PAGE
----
Enclosure with carved rocks and disturbed cairn known as Green Crag Enclosure

Overview

Heritage Category: Scheduled Monument

List Entry Number: 1012840

Date first listed: 17-Oct-1930

Date of most recent amendment: 08-Jun-1995

Map

Ordnance survey map of Enclosure with carved rocks and disturbed cairn known as Green Crag Enclosure
© Crown Copyright and database right 2018. All rights reserved. Ordnance Survey Licence number 100024900.
© British Crown and SeaZone Solutions Limited 2018. All rights reserved. Licence number 102006.006.
Use of this data is subject to Terms and Conditions.

The above map is for quick reference purposes only and may not be to scale. For a copy of the full scale map, please see the attached PDF - 1012840 .pdf

The PDF will be generated from our live systems and may take a few minutes to download depending on how busy our servers are. We apologise for this delay.

This copy shows the entry on 19-Oct-2018 at 04:13:53.

Location

The building or site itself may lie within the boundary of more than one authority.

District: Bradford (Metropolitan Authority)

Parish: Ilkley

National Grid Reference: SE 13010 45956

Summary

Legacy Record - This information may be included in the List Entry Details.

Reasons for Designation

Rombalds Moor is an eastern outlier of the main Pennine range lying between the valleys of the Wharfe and the Aire. The bulk of this area of 90 sq km of rough moorland lies over 200m above sea level. The moor is particularly rich in remains of prehistoric activity. The most numerous relics are the rock carvings which can be found on many of the boulders and outcrops scattered across the moor. Burial monuments, stone circles and a range of enclosed settlements are also known. Within the landscape of Rombalds Moor are many discrete plots of land enclosed by stone walls or banks of stone and earth, most of which date to the Bronze Age (c.2000-700 BC), although earlier and later examples may also exist. They were constructed as protected areas for settlement, stock penning, or crop growing. They may be subdivided into a series of smaller enclosures; those used for settlement may retain evidence of the round huts originally located within them. The size and form of enclosures vary considerably, depending on their particular function. Their variation in form, longevity and relationship to other monument classes provide important information on the diversity of social organisation and farming practices among prehistoric communities. They are particularly representative of their period and a substantial proportion of surviving examples are worthy of protection.

Prehistoric rock carving is found on natural boulders and rock outcrops in many areas of upland Britain. It is especially common in the north of England in Northumberland, Durham, and North and West Yorkshire. The most common form of decoration is the `cup' marking, where small cup-like hollows are worked into the surface of the rock. These cups may be surrounded by one or more `rings'. Single pecked lines extending from the cup through the rings may also exist, providing the design with a `tail'. Other shapes and patterns also occur but are less frequent. Carvings may occur singly, in small groups, or may cover extensive areas of rock surface. They date to the Late Neolithic and Bronze Age periods (2800-c.500 BC) and provide one of our most important insights into prehistoric `art'. The exact meaning of the designs remains unknown, but they may be interpreted as sacred or religious symbols. All positively identified prehistoric rock carving sites will normally be identified as nationally important. This enclosure is a typical and well preserved example of an upland prehistoric enclosure. It also forms an important part of the prehistoric landscape on this part of Rombalds Moor. The concentration of carved rocks in the area of the enclosure may indicate that it had a ritual function as well as being a site for more domestic activities. Although much disturbed, the cairn remains identifiable, and information on its relationship to the enclosure in which it is located will be preserved.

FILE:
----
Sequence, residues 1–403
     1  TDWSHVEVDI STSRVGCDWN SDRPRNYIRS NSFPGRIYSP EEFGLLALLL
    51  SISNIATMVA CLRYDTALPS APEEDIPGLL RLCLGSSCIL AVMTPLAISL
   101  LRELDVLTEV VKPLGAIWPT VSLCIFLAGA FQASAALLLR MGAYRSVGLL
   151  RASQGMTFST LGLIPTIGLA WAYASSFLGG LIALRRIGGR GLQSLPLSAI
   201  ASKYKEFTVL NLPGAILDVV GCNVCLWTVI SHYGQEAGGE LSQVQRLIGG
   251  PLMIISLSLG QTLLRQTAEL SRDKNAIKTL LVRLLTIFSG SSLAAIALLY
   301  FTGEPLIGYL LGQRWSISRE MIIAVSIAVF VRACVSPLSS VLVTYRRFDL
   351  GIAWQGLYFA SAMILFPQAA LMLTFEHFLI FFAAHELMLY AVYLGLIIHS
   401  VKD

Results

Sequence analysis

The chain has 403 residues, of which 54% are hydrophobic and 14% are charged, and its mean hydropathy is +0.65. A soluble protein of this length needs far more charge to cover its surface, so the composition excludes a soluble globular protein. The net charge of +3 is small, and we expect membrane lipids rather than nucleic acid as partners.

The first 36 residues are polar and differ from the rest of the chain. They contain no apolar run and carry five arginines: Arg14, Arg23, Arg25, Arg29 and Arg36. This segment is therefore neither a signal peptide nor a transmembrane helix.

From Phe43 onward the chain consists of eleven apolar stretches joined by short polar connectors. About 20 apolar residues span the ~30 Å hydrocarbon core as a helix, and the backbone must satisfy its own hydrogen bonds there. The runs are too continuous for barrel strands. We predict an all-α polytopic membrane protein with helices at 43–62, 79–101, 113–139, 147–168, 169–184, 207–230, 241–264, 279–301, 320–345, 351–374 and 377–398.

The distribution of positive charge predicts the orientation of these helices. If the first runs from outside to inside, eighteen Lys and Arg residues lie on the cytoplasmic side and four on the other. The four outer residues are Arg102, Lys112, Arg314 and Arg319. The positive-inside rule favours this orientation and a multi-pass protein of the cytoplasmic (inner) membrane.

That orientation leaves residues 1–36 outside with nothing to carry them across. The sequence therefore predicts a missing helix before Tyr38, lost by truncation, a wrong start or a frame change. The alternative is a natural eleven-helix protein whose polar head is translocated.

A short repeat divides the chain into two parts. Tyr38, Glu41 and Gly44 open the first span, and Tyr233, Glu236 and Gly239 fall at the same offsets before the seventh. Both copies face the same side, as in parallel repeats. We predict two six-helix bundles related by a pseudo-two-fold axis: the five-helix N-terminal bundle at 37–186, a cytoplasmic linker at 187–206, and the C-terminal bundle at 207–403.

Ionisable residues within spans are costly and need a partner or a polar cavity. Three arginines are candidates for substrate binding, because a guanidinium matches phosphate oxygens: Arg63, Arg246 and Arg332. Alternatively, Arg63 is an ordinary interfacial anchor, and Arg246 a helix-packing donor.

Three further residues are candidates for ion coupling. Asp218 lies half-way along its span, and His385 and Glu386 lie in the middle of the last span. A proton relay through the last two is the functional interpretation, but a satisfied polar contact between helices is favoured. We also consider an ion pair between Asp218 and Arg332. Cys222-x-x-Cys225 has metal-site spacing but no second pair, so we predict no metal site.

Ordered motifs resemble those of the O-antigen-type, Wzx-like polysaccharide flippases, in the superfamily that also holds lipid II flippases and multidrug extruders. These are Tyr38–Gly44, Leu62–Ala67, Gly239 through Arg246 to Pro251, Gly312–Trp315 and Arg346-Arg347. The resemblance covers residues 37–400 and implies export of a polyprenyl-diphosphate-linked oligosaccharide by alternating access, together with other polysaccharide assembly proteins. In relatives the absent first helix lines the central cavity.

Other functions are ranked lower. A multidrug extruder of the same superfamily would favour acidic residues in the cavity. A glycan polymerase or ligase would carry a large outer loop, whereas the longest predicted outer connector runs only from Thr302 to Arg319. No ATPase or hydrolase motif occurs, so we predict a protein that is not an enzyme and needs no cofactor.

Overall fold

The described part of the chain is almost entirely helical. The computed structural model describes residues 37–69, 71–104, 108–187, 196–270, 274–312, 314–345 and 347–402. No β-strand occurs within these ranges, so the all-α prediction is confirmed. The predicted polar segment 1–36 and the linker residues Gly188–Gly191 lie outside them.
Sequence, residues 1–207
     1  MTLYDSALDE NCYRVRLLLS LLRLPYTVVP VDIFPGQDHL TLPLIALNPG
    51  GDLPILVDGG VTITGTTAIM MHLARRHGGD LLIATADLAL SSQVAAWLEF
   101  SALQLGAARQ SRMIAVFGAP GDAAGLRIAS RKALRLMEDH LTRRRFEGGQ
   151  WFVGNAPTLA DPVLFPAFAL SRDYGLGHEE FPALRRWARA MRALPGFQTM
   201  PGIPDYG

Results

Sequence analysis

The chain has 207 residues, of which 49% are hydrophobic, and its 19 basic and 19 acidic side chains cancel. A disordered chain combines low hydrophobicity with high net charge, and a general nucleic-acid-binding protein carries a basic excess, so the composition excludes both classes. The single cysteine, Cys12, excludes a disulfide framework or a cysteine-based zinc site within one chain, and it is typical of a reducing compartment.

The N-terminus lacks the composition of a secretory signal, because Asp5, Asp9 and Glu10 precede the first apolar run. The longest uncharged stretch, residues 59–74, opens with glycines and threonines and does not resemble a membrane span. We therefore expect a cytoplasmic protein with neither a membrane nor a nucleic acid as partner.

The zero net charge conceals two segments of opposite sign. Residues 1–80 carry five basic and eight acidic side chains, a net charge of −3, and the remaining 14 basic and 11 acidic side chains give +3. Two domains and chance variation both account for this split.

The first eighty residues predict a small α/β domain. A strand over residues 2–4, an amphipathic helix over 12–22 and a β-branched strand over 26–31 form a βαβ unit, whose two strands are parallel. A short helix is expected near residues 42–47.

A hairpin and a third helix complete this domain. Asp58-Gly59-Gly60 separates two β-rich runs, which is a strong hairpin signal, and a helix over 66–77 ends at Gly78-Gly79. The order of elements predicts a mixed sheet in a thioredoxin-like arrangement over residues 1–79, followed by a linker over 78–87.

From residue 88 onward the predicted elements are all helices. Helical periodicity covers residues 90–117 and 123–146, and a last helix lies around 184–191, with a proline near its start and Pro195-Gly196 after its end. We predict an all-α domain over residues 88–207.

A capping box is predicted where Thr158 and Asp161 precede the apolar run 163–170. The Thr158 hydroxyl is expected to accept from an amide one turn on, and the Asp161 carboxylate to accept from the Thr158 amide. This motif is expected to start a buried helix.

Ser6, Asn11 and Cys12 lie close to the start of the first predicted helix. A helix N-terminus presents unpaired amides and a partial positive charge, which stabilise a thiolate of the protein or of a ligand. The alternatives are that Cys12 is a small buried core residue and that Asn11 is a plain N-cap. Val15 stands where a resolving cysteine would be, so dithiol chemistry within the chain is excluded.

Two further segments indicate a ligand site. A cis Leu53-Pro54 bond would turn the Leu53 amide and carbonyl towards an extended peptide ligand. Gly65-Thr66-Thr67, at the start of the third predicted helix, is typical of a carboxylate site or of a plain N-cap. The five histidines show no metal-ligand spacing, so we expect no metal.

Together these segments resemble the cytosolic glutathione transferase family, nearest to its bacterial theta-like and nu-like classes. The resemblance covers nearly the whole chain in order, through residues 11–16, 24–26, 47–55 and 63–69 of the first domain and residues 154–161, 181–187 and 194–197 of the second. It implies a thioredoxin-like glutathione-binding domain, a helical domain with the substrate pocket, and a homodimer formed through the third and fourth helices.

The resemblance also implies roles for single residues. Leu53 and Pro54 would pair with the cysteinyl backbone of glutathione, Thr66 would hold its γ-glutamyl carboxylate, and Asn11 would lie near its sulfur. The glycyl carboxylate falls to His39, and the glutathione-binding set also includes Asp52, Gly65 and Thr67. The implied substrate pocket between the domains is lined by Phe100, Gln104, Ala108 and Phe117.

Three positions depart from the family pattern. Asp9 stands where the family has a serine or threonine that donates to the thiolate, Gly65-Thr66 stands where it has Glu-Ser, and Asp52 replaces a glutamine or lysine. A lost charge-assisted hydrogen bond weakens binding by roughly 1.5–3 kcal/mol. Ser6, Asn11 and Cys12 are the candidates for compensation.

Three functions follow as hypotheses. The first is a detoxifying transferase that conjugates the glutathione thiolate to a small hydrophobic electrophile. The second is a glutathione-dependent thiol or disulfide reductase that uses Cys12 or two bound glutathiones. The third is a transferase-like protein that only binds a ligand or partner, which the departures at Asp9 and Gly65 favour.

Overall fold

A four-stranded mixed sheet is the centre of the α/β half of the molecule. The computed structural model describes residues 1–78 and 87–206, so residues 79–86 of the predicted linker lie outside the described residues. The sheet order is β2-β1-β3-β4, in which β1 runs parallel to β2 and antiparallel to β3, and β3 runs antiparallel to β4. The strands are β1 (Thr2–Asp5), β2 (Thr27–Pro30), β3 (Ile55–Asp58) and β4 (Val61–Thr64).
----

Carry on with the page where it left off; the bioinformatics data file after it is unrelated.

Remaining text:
History

Legacy Record - This information may be included in the List Entry Details.

Details

The monument includes a prehistoric enclosure with at least six carved rocks and a disturbed cairn, situated below Green Crag at its western end. The enclosure is c.200m long and 65m wide and is incomplete on its western side. It has at least one subdivision, and there are several other fragmentary rubble banks. The banks which form the enclosure are typically 1.5m-2m wide and 0.6m high. They consist of rubble with orthostats. At least one carved rock has been used in the construction of the bank on the northern side of the enclosure. On the western side a carved earthfast boulder may underlie the rubble bank; the precise relationship is obscured by heather. The six carved rocks (including those mentioned above) lie within or just outside the enclosure. They have a variety of carvings in the cup and ring tradition, ranging from single cup marks to more complex designs of cups, rings and grooves. The disturbed cairn is situated a short distance to the east of the enclosure and consists of a flat-bottomed hollow c.3m in diameter surrounded by a ring of spoil.

MAP EXTRACT The site of the monument is shown on the attached map extract.

Legacy

The contents of this record have been generated from a legacy data system.

Legacy System number: 25344

Legacy System: RSM

Sources

Books and journals
Hedges, J D (ed), The Carved Rocks on Rombalds Moor, (1986), 94
Hedges, J D (ed), The Carved Rocks on Rombalds Moor, (1986), 94
Hedges, J D (ed), The Carved Rocks on Rombalds Moor, (1986), 94
Hedges, J D (ed), The Carved Rocks on Rombalds Moor, (1986), 47
Hedges, J D (ed), The Carved Rocks on Rombalds Moor, (1986), 47
Hedges, J D (ed), The Carved Rocks on Rombalds Moor, (1986), 47

End of official listing